1 2 3 4 5 6 7 UNITED STATES DISTRICT COURT EASTERN DISTRICT OF CALIFORNIA 8 9 10 EDWARD T. FURNACE, 11 Plaintiff, 12 v. 13 M. JUNIOUS, et al., 14 Defendants. 15 CASE NO. 1:14-cv-01671-LJO-MJS (PC) ORDER DISMISSING: 1) CLAIMS RELATING TO PLAINTIFF’S INITIAL GANG VALIDATION WITH PREJUDICE BECAUSE THEY ARE BARRED BY RES JUDICATA 16 2) REMAINING CLAIMS WITHOUT PREJUDICE 17 THIRTY (30) DAY DEADLINE 18 19 Plaintiff is a state prisoner proceeding pro se and in forma pauperis in this civil 20 rights action brought pursuant to 42 U.S.C. § 1983. Plaintiff has declined Magistrate 21 22 Judge jurisdiction. (ECF No. 5) No other parties have appeared in this action. Plaintiff’s 23 complaint is before the court for screening. 24 I. 25 26 27 28 SCREENING REQUIREMENT The Court is required to screen complaints brought by prisoners seeking relief against a governmental entity or officer or employee of a governmental entity. 28 U.S.C. § 1915A(a). The Court must dismiss a complaint or portion thereof if the prisoner has 1 raised claims that are legally “frivolous, malicious,” or that fail to state a claim upon which 2 relief may be granted, or that seek monetary relief from a defendant who is immune from 3 such relief. 28 U.S.C. § 1915A(b)(1),(2). “Notwithstanding any filing fee, or any portion 4 thereof, that may have been paid, the court shall dismiss the case at any time if the court 5 6 determines that . . . the action or appeal . . . fails to state a claim upon which relief may 7 be granted.” 28 U.S.C. § 1915(e)(2)(B)(ii). 8 II. 9 10 11 PLEADING STANDARD Section 1983 “provides a cause of action for the deprivation of any rights, privileges, or immunities secured by the Constitution and laws of the United States.” Wilder v. Virginia Hosp. Ass'n, 496 U.S. 498, 508 (1990), quoting 42 U.S.C. § 1983. 12 13 14 15 16 17 18 19 Section 1983 is not itself a source of substantive rights, but merely provides a method for vindicating federal rights conferred elsewhere. Graham v. Connor, 490 U.S. 386, 393-94 (1989). To state a claim under § 1983, a plaintiff must allege two essential elements: (1) that a right secured by the Constitution or laws of the United States was violated and (2) that the alleged violation was committed by a person acting under the color of state law. See West v. Atkins, 487 U.S. 42, 48 (1988); Ketchum v. Alameda Cnty., 811 F.2d 1243, 20 21 1245 (9th Cir. 1987). 22 A complaint must contain “a short and plain statement of the claim showing that 23 the pleader is entitled to relief . . . .” Fed. R. Civ. P. 8(a)(2). Detailed factual allegations 24 are not required, but “[t]hreadbare recitals of the elements of a cause of action, 25 supported by mere conclusory statements, do not suffice.” Ashcroft v. Iqbal, 556 U.S. 26 27 662, 678 (2009), citing Bell Atlantic Corp. v. Twombly, 550 U.S. 544, 555 (2007). Plaintiff must set forth “sufficient factual matter, accepted as true, to state a claim that is 28 2 1 plausible on its face.” Id. Facial plausibility demands more than the mere possibility that 2 a defendant committed misconduct and, while factual allegations are accepted as true, 3 legal conclusions are not. Id. at 667-68. 4 II. FACTUAL SUMMARY 5 A. Plaintiff’s Allegations 6 Plaintiff is currently incarcerated at Kern Valley State Prison, but the events giving 7 8 rise to his allegations occurred when he was incarcerated in the Special Housing Unit 9 (SHU) at Corcoran State Prison (CSP). He lists 38 named and two John Doe 10 11 correctional officials as defendants. All are employed at CSP, holding positions ranging from rank-and-file correctional officers to high level prison administrators. 12 Plaintiff’s allegations are difficult to follow, and despite taking up 24 pages, 13 14 15 contain very few concrete facts. This much, however, the Court was able to glean from Plaintiff’s complaint: 16 Plaintiff filed two prior lawsuits, Furnace v. Evans, 459 Fed. App’x 630 (9th Cir. 17 2011) and Furnace v. Giurbino, No. C-12-0873 2013 WL 6157954 (N.D. Cal. Nov. 22, 18 2013).1 In retaliation for these lawsuits, Defendants initiated proceedings to validate 19 Plaintiff as a member of the Black Guerilla Family (BGF) gang. Using Plaintiff’s 20 21 possession of the contact information for Hugo Pinell, a BGF leader, and of “publications 22 written by or about George L. Jackson or the Black August memorial,” Defendants 23 unconstitutionally, discriminatorily and fraudulently validated Plaintiff as a BGF 24 associate. As a result of the validation proceedings, Plaintiff was confined for an 25 indefinite term to Corcoran SHU.2 The 180-day classification reviews relevant to his 26 27 28 gang validation status were “a meaningless waste of time and violation of his due 1 2 The Court takes judicial notice of these cases. It appears that Plaintiff’s term in SHU was, in fact, finite, because he is now incarcerated at KVSP. 3 1 process rights.” Various administrative appeals that Plaintiff filed to protest his 2 confinement in SHU were maliciously “screened out” by Defendants invoking a “code of 3 silence” to suppress meritorious grievances. Even when Defendants did respond, they 4 failed to investigate or take remedial action, further demonstrating adherence to the 5 6 “code” as well as their roles in a conspiracy to violate Plaintiff’s rights. Defendants 7 fallaciously charged Plaintiff with rules violations in order to compel him to associate with 8 gang members. Defendants failed to protect Plaintiff from an “alleged plan to kill or 9 assault Plaintiff” that Defendants knew about as early as 2011, but did not disclose to 10 11 Plaintiff until May 2014. (Plaintiff seems to suggest that Defendants may have also purposely set him up to be murdered in retaliation for his lawsuits.) Plaintiff 12 13 14 acknowledges that “he has never claimed an enemy, never identified an enemy, never told any CDCR employee he was in danger or needed their protection….” Plaintiff 15 alleges there is a “compact” among correctional officers for the “fraudulent perpetuation 16 of gang activity” in order to “racially classify, profile, and segregate African American 17 prisoners.” 18 19 B. Case History Plaintiff has challenged the procedures by which he was validated as a BGF 20 21 associate in numerous lawsuits in at least three forums, including this one. Furnace v. 22 Giurbino, No. C-12-0873 2013 WL 6157954, at *1 (N.D. Cal. Nov. 22, 2013)(noting that 23 that action was “plaintiff’s fourth court challenge to his gang validation and resulting 24 Secured Housing Unit (‘SHU’) placement”). The two cases that affect the present action 25 most significantly, however, are Giurbino, 2013 WL 6157954 and In re Furnace, 185 Cal. 26 App.4th 649 (Cal. Ct. App. 2010). The court discusses each in turn. 27 28 4 1 1. In re Furnace 2 In In re Furnace, the California Court of Appeals addressed Plaintiff’s due process 3 and free speech claims directly. 185 Cal. App. 4th at 654. Plaintiff challenged the 4 adequacy of the notice for his validation proceedings and the sufficiency of the evidence 5 6 used to validate him as a BGF associate on due process grounds. This evidence 7 consisted of the address of Hugo Pinell, an incarcerated leader of the BGF; a book 8 about George Jackson, “martyr for BGF ideology;” a CD about Jackson’s life; and a flier 9 and newspaper article about Black August, a BGF celebration commemorating a bloody 10 11 failed attempt to “liberate” three inmates from the Marin County Courthouse in 1970. Plaintiff also argued that the use of “an approved book and a newspaper article” to draw 12 13 14 a connection between him and the gang violated his First Amendment rights. The Court of Appeals concluded that Furnace had had adequate notice of the 15 validation proceedings, and that under Superintendent v. Hill, 472 U.S. 445, 455-456 16 (1985), Plaintiff’s validation had been supported by “some evidence.” In re Furnace, 185 17 Cal.App. 4th at 663. California regulations governing gang validation procedures, Cal. 18 19 Cod. Reg. § 3378, require prison officials to have at least three pieces of evidence supporting a gang connection, one of which must provide a “direct link” to a known gang 20 21 member. The Court found that Hugo Pinell’s contact information provided the requisite 22 “direct link;” and that the book, article, and flier relating to the BGF, which a prison gang 23 expert concluded “are kept by BGF associates while they are being indoctrinated” with 24 BGF ideology, provided the other supporting evidence of Furnace’s association with the 25 gang. Id. 26 27 The Court also rejected Plaintiff’s First Amendment Claim, applying the four-prong test in Turner v. Safley, 482 U.S. 78, 89-91 (1987). In re Furnace, 185 Cal. App 4th at 28 5 1 2 3 666. Plaintiff’s petition for rehearing was denied, as was a petition for review by the California Supreme Court. Giurbino, 2013 WL 6157954, at *2. 2. Furnace v. Giurbino 4 After the ruling in In re Furnace, Plaintiff filed suit in the Northern District of California, 5 6 reiterating his claims that there was insufficient evidence to support his gang validation, 7 and that using books and newspapers to connect him to the BGF violated his First 8 Amendment rights. He added claims that the gang validation procedures were initiated 9 in retaliation for his prior, unrelated lawsuit, Furnace v. Evans, No. 06-4229 MMC (PR), 10 11 12 13 14 and that singling him out as a gang associate violated the Equal Protection clause. Giurbino, 2013 WL 6157954, at *2, *5. The district court concluded that all of Furnaces’s claims were barred by res judicata. Furnace’s due process challenge to the gang validation proceeding and his First 15 Amendment challenge to the evidence used to validate him were barred by collateral 16 estoppel. The Court noted that that In re Furnace was a final judgment, and the Court of 17 Appeals had already decided identical claims against Furnace. Giurbino, 2013 WL 18 6157954, at *3. Plaintiff’s Equal Protection and retaliation claims, meanwhile, were 19 barred by claim preclusion, because the new claims arose out of the same “cause of 20 21 22 23 action” involving the “same injury to the plaintiff and the same wrong by the defendant.” Id., at *4-*5. Furnace appealed the Northern District’s ruling to the Ninth Circuit, and his appeal 24 is currently pending. Furnace v. Giurbino, No. 13-17620. 25 III. DISCUSSION 26 To the extent that Plaintiff renews his challenges to the motivations for, or procedure 27 by which, he was initially validated as a BGF associate, his claims are barred by res 28 6 1 judicata. Meanwhile, he has not provided sufficient facts to state cognizable claims on 2 the basis of the procedures governing the 180-day classification hearings, handling of 3 his grievances, continued retaliation for his First Amendment activities, allegedly racist or 4 discriminatory policies by Corcoran staff, his conditions of confinement in SHU, or 5 6 7 8 9 10 11 Defendants’ failure to protect him from an alleged murder plot. A. Res Judicata 1. Collateral Estoppel/Issue Preclusion Collateral estoppel, or issue preclusion, forecloses “successive litigation of an issue of fact or law actually litigated and resolved in a valid court determination essential to the prior judgment, even if the issue recurs in the context of a different claim.” Giurbino, No. 12 13 14 2013 WL 6157954, at *3 (citing Taylor v. Sturgell, 553 U.S. 880, 892 (2008)). The purpose of issue preclusion is to protect against vexatious litigants, to conserve judicial 15 resources, and to minimize the possibility of inconsistent decisions. Giurbino, 2013 WL 16 6157954, at *3 (citing Montana v. United States, 440 U.S. 147, 153 (1979). “To 17 determine the preclusive effect of a state court judgment, federal courts look to state 18 law.” Valley View Health Care, Inc. v. Chapman, 992 F.Supp.2d 1016, 1044 (E.D. Cal. 19 2014)(citing Intri-Plex Tech., Inc. v. The Crest Grp., Inc., 499 F.3d 1040, 1052 (9th Cir. 20 21 22 2007)); accord White v. City of Pasadena, 671 F.3d 918, 927 (9th Cir. 2012). In California, “collateral estoppel precludes relitigation of issues decided in prior 23 proceedings.” Hernandez v. City of Pomona, 46 Cal.4th 501, 513 (Cal. 2009). California 24 courts only apply the doctrine if the following threshold requirements are met: “[first], the 25 issue sought to be precluded from relitigation must be identical to that decided in a 26 former proceeding. Second, this issue must have been actually litigated in the former 27 proceeding. Third, it must have been necessarily decided in the former proceeding. 28 7 1 Fourth, the decision in the former proceeding must be final and on the merits. Finally, 2 the party against whom preclusion is sought must be the same as, or in privity with, the 3 party to the former proceeding.” Id. (citing Lucido v. Sup. Ct., 51 Cal.3d 335, 341 (Cal. 4 1990); accord White, 671 F.3d at 927. 5 6 Here, collateral estoppel applies to Plaintiff’s due process challenges to his initial 7 validation as a BGF associate. Identical claims were directly addressed by the Court of 8 Appeals in In re Furnace. The decision in In re Furnace was on the merits and it was 9 final because Plaintiff’s subsequent attempts to obtain rehearing and review by the 10 11 California Supreme Court were denied. The party against whom preclusion is sought is the same, that is, Plaintiff. Thus, insofar as Plaintiff continues to challenge the 12 13 14 15 evidentiary basis for his initial validation, his claim is barred by issue preclusion. 2. Claim Preclusion Under California law, claim preclusion applies when: (1) the party to be precluded 16 was a party… to the previous adjudication; (2) the second lawsuit involves the ‘same 17 cause of action’ as the first; and (3) there was a final judgment on the merits in the first 18 lawsuit. Giurbino, 2013 WL 6157954, at *4 (citing San Diego Police Officers’ Ass’n, 568 19 F.3d at 734). 20 21 22 a. Identity of Parties Here, Plaintiff was a party to both In re Furnace and the instant action. The fact 23 that some or all of the defendants are different is irrelevant under California law. San 24 Diego Police Officers’ Ass’n, 568 F.3d at 736; Giurbino, 2013 WL 6157954, at *4; see 25 also Pagtakhan v. Alexander, 999 F.Supp.2d 1151 (N.D. Cal. 2013). Therefore, the first 26 prong of the claim preclusion test is met. 27 28 8 1 2 3 b. Cause of Action Under California’s “primary rights theory,” a cause of action is (1) a primary right possessed by the plaintiff, (2) a corresponding primary duty devolving upon the 4 defendant, and (3) a harm done by the defendant which consists in a breach of such 5 6 primary right and duty. Gonzales v. CDCR, 739 F.3d 1226, 1232 (9th Cir. 2014); 7 Brodheim v. Cry, 584 F.3d 1262, 1268 (9th Cir. 2009). “If two actions involve the same 8 injury to the plaintiff and the same wrong by the defendant, then the same primary right 9 is at stake, even if in the second suit the plaintiff pleads different theories of recovery, 10 seeks different forms of relief, and/or adds new facts supporting recovery.” Gonzales, 11 739 F.3d at 1233 (citing Eichman v. Fotomat Corp., 147 Cal. App. 3d 1170 (Cal. Ct. App. 12 13 14 15 16 17 18 19 1983). “If the same primary right is involved in two actions, judgment in the first bars consideration not only of all matters actually raised in the first suit, but also all matters which could have been raised.” Gonzales, 739 F.3d at 1233 (emphasis in original). Here, Plaintiff’s injury in both In re Furnace and in the present case was being validated as a gang associate, and the wrong was allegedly validating him unconstitutionally. The primary right in both cases was his interest in not being validated as a gang member or placed in SHU. See Gonzales, 739 F.3d at 1233. Therefore, the 20 21 22 court finds that the instant case involves the same “cause of action” as In re Furnace. c. Final Judgment on the Merits 23 As discussed supra, the decision in In re Furnace was a final judgment on the 24 merits. See also Giurbino, 2013 WL 6157954, at *6. In re Furnace was a published 25 Court of Appeals decision, and Plaintiff’s petition for a rehearing and his petition for 26 review in the California Supreme Court were denied. 27 28 9 1 2 3 d. Conclusion Claim preclusion applies to the instant case. Plaintiff’s retaliation, equal protection, and any state law tort claims (e.g. fraud), brought on the basis of his initial 4 validation as a BGF associate, are barred by the judgment in In re Furnace. Even though 5 6 7 8 9 10 11 Plaintiff did not plead these causes of action in In re Furnace, he could have done so and thus he is precluded from bringing them now. B. Due Process 1. Classification Hearings Placing an inmate indefinitely in SHU may amount to the deprivation of a protected liberty interest, triggering procedural due process requirements. See Wilkinson v. 12 13 14 Austin, 545 U.S. 209, 224 (2005). However, while the process due an inmate during initial validation proceedings need only comport with the “minimally stringent” “some 15 evidence” standard, Castro v. Terhune, 712 F.3d 1304, 1314 (9th Cir. 2013), the 16 standard with which reclassification hearings must comply appears to be somewhat 17 murkier. Compare Brown v. Ore. Dept. of Corr., 751 F.3d 983, 987 (9th Cir. 18 19 2014)(inmate confined for 27 months in SHU had due process right to unspecified “meaningful review” of placement) with Gamez v. Gonzalez , 481 Fed.App’x 310, 311 20 21 (9th Cir. 2012)(indicating that re-validation procedures were subject to the “some 22 evidence” standard) and Dawkins v. McGrath, No. CIV S-03-1643 2009 WL 5110668, at 23 *8 (E.D. Cal. Dec. 18, 2009)(concluding that “periodic review” of gang affiliation was, on 24 its own, sufficient) and Ashker v. Brown, No. C 09-5796 2013 WL 1435148, at *8-*9 25 (N.D. Cal. April 9, 2013)(concluding that plaintiffs’ “gang status reviews and 26 revalidations” violated due process, but declining to state which standard applied); see 27 also Castro, 712 F.3d at 1314-1315 (finding that the age of evidence used to reclassify 28 10 1 inmates as gang members could affect its weight, suggesting there are some evidentiary 2 standards for reclassification hearings); Gonzalez, 739 F.3d at 1234 (concluding that the 3 debriefing requirement, which requires gang members to renounce gang affiliation 4 and/or name other gang members in order to get out of SHU, could violate the Eighth 5 6 7 Amendment for an inmate who has been erroneously classified as a gang member). Here, Plaintiff has failed to plead sufficient facts indicating that his reclassification 8 hearings were unconstitutional under any test. He characterizes these hearings as 9 “meaningless,” but he does not describe the procedures followed at these hearings, the 10 11 evidentiary basis for reclassifying him, or the opportunities, if any, he had to contest the investigators’ findings. Without more factual information regarding his reclassification 12 13 14 15 hearings, the Court will dismiss Plaintiff’s due process claims without prejudice. 2. Grievance Procedure Prison staff actions in responding to Plaintiff's administrative appeals alone 16 cannot give rise to any claim for relief under § 1983 for violation of due process. “[A 17 prison] grievance procedure is a procedural right only, it does not confer any substantive 18 right upon the inmates.” Buckley v. Barlow, 997 F.2d 494, 495 (8th Cir. 1993), citing 19 Azeez v. DeRobertis, 568 F.Supp. 8, 10 (D.C. Ill. 1982). A prisoner does not have a 20 21 22 23 claim of entitlement to a grievance procedure. Mann v. Adams, 855 F.2d 639, 640 (9th Cir. 1988); Ramirez v. Galarza, 334 F.3d 850, 860 (9th Cir. 2003). Plaintiff may not state a due process claim arising solely from allegedly improper 24 processing and denial of administrative grievances. Leave to amend such a claim is 25 futile and denied on that basis. 26 27 C. First Amendment Retaliation “Within the prison context, a viable claim of First Amendment retaliation entails 28 11 1 five basic elements: (1) an assertion that a state actor took some adverse action against 2 an inmate (2) because of (3) that inmate's protected conduct, and that such action (4) 3 4 chilled the inmate's exercise of her First Amendment rights, and (5) the action did not reasonably advance a legitimate correctional goal.” Rhodes v. Robinson, 408 F.3d 559, 5 6 7 567-68 (9th Cir. 2005). Plaintiff has failed to state a valid retaliation claim. He provides no more than 8 conclusory statements that he continued to be housed in SHU “as a means to retaliate” 9 against him for filing lawsuits. He does not provide any basis, however, for his 10 11 conclusion. As an initial matter, he does not indicate that Defendants were even aware of his prior lawsuits. More significantly, however, he provides no indication that his 12 13 14 continued placement in SHU did not advance a legitimate penological interest. Plaintiff’s initial gang validation furthered the legitimate goal of preserving the safety and security 15 of Corcoran by “frustrating prison gang indoctrination and group solidarity.” In re 16 Furnace, 185 Cal. App. 4th at 665. Plaintiff provides no indication that continuing to keep 17 him in SHU did not, in turn, continue to advance this legitimate goal. Therefore, the 18 19 Court will dismiss this claim without prejudice. D. Equal Protection – Racial Discrimination 20 21 The Equal Protection Clause of the Fourteenth Amendment requires that persons 22 who are similarly situated be treated alike. City of Cleburne v. Cleburne Living Center, 23 Inc., 473 U.S. 432, 439 (1985). This requires Plaintiff to show he was intentionally 24 treated differently because of his membership in an identifiable group, e.g., Ariz. Dream 25 Act Coal. v. Brewer, 757 F.3d 1053 (9th Cir. 2014) or a constitutionally suspect class, 26 e.g., Walker v. Gomez, 370 F.3d 969, 974 (9th Cir. 2004)(black inmate worker stated 27 valid Equal Protection claim on basis of race). Where an inmate alleges disparate 28 12 1 treatment on the basis of a suspect classification, strict scrutiny applies. Johnson v. 2 California, 543 U.S. 499, 505 (2005). 3 Here, Plaintiff fails to plead sufficient facts to state a claim that he, as an African- 4 American, was treated differently from other inmates of other races, or that prison staff 5 6 had a de facto policy of using gang validation and/or reclassification procedures to 7 target, profile, or segregate black inmates. While CDCR has, in the past, impermissibly 8 used inmates’ race as a proxy for gang membership, see Johnson, 543 U.S. at 517, 9 Plaintiff has not pleaded sufficient facts to support such an allegation here. Instead, he 10 11 makes conclusory statements and unsupported assumptions about Defendants’ motivations for their conduct. The Court will therefore dismiss Plaintiff’s claim without 12 13 14 15 prejudice to Plaintiff amending his complaint to plead specific facts or occurrences indicating that he was treated differently from inmates of other races. E. Eighth Amendment – Conditions of Confinement 16 The Eighth Amendment protects prisoners from inhumane conditions of 17 confinement. Morgan v. Morgensen, 465 F.3d 1041, 1045 (9th Cir. 2006) (citing Farmer 18 19 v. Brennan, 511 U.S. 825, 832 (1994) and Rhodes v. Chapman, 452 U.S. 337, 347 (1981)). Conditions of confinement may be, and often are, restrictive and harsh; 20 21 however, they must not involve the wanton and unnecessary infliction of pain. Morgan, 22 465 F.3d at 1045 (citing Rhodes, 452 U.S. at 347) (quotation marks omitted). Conditions 23 devoid of legitimate penological purpose or contrary to evolving standards of decency 24 violate the Eighth Amendment. Hope v. Pelzer, 536 U.S. 730, 737 (2002); Rhodes, 452 25 U.S. at 346; Morgan, 465 F.3d at 1045 (quotation marks and citations omitted). 26 Eighth Amendment claims have both subjective and objective components. An 27 inmate must show that prison officials subjectively acted with deliberate indifference to 28 13 1 his health and safety, thereby objectively depriving him of the minimal civilized measure 2 of life's necessities. Keenan v. Hall, 83 F.3d 1083, 1089 (9th Cir. 1996)(citing Wilson v. 3 Seiter, 501 U.S. 294, 303-303 (1991); Rhodes, 452 U.S. at 347). 4 Plaintiff fails to state an Eighth Amendment claim on the basis of his confinement 5 6 in SHU. He provides no details about his treatment in SHU, but states in conclusory 7 fashion that “defendants violated [his] rights by conspiring and retaliating against him by 8 keeping him in the SHU for years.” (ECF No. 1, at 25.) The Court will give Plaintiff leave 9 to amend to plead additional facts to satisfy the two-prong conditions of confinement 10 11 test. F. Eighth Amendment – Failure to Protect 12 13 14 Under the Eighth Amendment, prison officials have a duty to take reasonable steps to protect inmates from assaults at the hands of other inmates. Farmer v. 15 Brennan, 511 U.S. 825, 832-33 (1994). To establish a violation of this duty, the prisoner 16 must show first, that he was incarcerated under conditions posing a substantial risk of 17 serious harm; and second, that a prison official knew of and was deliberately indifferent 18 to this risk. Id. at 834. While an inmate cannot meet Farmer’s first prong by raising 19 purely speculative fears of attacks from other inmates, Contreras v. Collins, 50 Fed. 20 21 22 Appx. 351, 352 (9th Cir. 2002), he need not have actually suffered harm in order to obtain injunctive relief from unsafe conditions. Farmer, 511 U.S. at 845. 23 Plaintiff fails to plead sufficient facts to allege a cognizable failure to protect claim. 24 He concedes that he himself never informed Defendants that he faced danger from other 25 inmates. He states that prison staff told him of an alleged plan by other inmates to harm 26 27 28 14 1 him in May 2014, and that unspecified documentation3 he received in July 2014 2 indicated that at least one Defendant knew about the plan as early as 2011. However, 3 these facts do not establish either that Plaintiff faced a substantial risk of harm or that 4 Defendants were deliberately indifferent to this risk. The mere fact that a prison staff 5 6 member does not tell an inmate of a potential threat to the inmate does not indicate that 7 the staff member was deliberately indifferent. The staff member may have concluded 8 that the threat was not credible, or the inmate was not at risk, or that the threat could be 9 dealt with in ways other than by informing the inmate. Here, Plaintiff was not, 10 11 apparently, attacked by anyone during the three years between the time prison staff allegedly learned of the threat and time Plaintiff did. This lengthy period of time strongly 12 13 14 supports the inference that Plaintiff did not actually face a substantial risk of harm or that Defendant(s) were not deliberately indifferent, either because they correctly assessed 15 Plaintiff’s risk as low or because they adequately dealt with the threat in ways other than 16 directly informing Plaintiff of it. 17 18 19 The Court will afford Plaintiff the opportunity to amend his claim to provide facts supporting a different conclusion. IV. CONCLUSION AND ORDER 20 Plaintiff’s complaint fails to plead sufficient facts to state a cognizable claim on 21 22 any ground. Because the legality and/or constitutionality of Plaintiff’s initial gang 23 validation has already been litigated, the Court DISMISSES all claims relating to the 24 initial validation, as well as claims alleging improper handling of grievances, with 25 prejudice. The Court DISMISSES the remaining First, Eighth, and Fourteenth 26 27 28 3 Plaintiff has neither described the nature or content of this documentation, nor included it with his pleadings. 15 1 Amendment claims that relate to Plaintiff’s reclassification and continued placement in 2 SHU without prejudice. 3 The Court grants Plaintiff the opportunity to correct the deficiencies analyzed 4 above in an amended complaint. See Lopez v. Smith, 203 F.3d 1122, 1130 (9th Cir. 5 6 2000); Noll v. Carlson, 809 F.2d 1446, 1448-49 (9th Cir. 1987). If Plaintiff amends, he 7 may not change the nature of this suit by adding new, unrelated claims in his amended 8 complaint. George v. Smith, 507 F.3d 605, 607 (7th Cir. 2007)(no “buckshot” complaint). 9 An amended complaint would supersede the prior complaint. Forsyth v. Humana, 10 11 Inc., 114 F.3d 1467, 1474 (9th Cir. 1997); King v. Atiyeh, 814 f.2d 565, 567 (9th Cir. 1987). Thus, it must be “complete in itself without reference to the prior or superseded 12 13 14 15 pleading.” Local Rule 220. Based on the foregoing, it is HEREBY ORDERED that: 1. 16 17 failure to state a claim upon which relief may be granted, 2. 18 19 Plaintiff's signed first amended complaint (ECF No. 1) is DISMISSED for The Clerk's Office shall send Plaintiff (1) a blank civil rights amended complaint form and (2) a copy of his complaint filed October 27, 2014, 3. Plaintiff shall file an amended complaint within thirty (30) days from service 20 of this order, and 21 22 4. If Plaintiff fails to comply with this order, the Court will recommend that this action be dismissed, without prejudice, for failure to obey a court order. 23 24 25 IT IS SO ORDERED. 26 27 28 Dated: May 4, 2015 /s/ Michael J. Seng UNITED STATES MAGISTRATE JUDGE 16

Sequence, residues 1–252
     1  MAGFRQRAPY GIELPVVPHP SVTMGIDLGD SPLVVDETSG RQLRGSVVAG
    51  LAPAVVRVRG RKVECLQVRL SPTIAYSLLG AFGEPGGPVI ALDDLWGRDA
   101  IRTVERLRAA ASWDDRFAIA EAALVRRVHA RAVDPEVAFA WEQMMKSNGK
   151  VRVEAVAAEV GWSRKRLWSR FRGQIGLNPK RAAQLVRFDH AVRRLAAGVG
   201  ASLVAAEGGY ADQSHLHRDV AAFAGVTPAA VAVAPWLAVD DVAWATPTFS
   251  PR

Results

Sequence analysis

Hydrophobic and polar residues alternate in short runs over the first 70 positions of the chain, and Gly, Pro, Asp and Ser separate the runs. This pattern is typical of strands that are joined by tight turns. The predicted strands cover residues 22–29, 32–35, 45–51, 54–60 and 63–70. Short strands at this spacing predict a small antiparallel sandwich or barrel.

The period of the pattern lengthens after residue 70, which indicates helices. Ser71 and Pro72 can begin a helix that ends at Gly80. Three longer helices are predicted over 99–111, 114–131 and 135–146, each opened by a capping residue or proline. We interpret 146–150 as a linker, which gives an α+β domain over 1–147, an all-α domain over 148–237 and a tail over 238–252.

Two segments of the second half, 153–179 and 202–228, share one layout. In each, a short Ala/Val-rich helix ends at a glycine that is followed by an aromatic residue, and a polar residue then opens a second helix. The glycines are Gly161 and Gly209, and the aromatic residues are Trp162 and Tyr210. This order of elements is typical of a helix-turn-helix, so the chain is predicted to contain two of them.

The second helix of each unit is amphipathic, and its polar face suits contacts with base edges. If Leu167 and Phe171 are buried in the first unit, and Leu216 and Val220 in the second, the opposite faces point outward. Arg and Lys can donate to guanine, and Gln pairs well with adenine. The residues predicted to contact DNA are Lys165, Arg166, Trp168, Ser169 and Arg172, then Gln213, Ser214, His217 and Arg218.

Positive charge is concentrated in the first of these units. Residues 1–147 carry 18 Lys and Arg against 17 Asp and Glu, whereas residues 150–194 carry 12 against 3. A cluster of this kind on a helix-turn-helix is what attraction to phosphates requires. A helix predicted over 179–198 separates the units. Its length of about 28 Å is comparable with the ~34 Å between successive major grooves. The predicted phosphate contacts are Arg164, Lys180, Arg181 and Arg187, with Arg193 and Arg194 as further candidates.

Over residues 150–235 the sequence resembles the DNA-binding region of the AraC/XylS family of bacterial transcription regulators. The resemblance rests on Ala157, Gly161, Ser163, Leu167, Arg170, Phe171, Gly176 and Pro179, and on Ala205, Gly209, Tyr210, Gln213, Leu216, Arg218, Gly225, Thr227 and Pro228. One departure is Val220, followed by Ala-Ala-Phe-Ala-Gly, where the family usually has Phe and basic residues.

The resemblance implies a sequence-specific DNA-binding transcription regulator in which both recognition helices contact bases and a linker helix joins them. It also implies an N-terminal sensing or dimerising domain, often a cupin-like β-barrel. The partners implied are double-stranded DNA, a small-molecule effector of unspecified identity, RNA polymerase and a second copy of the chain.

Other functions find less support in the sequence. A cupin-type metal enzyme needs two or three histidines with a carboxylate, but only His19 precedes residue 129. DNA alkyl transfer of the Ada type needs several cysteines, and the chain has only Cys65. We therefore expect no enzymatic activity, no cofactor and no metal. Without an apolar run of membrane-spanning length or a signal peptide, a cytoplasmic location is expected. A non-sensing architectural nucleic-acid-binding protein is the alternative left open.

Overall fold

Disclaimer: Justia Dockets & Filings provides public litigation records from the federal appellate and district courts. These filings and docket sheets should not be considered findings of fact or liability, nor do they necessarily reflect the view of Justia.

Why Is My Information Online?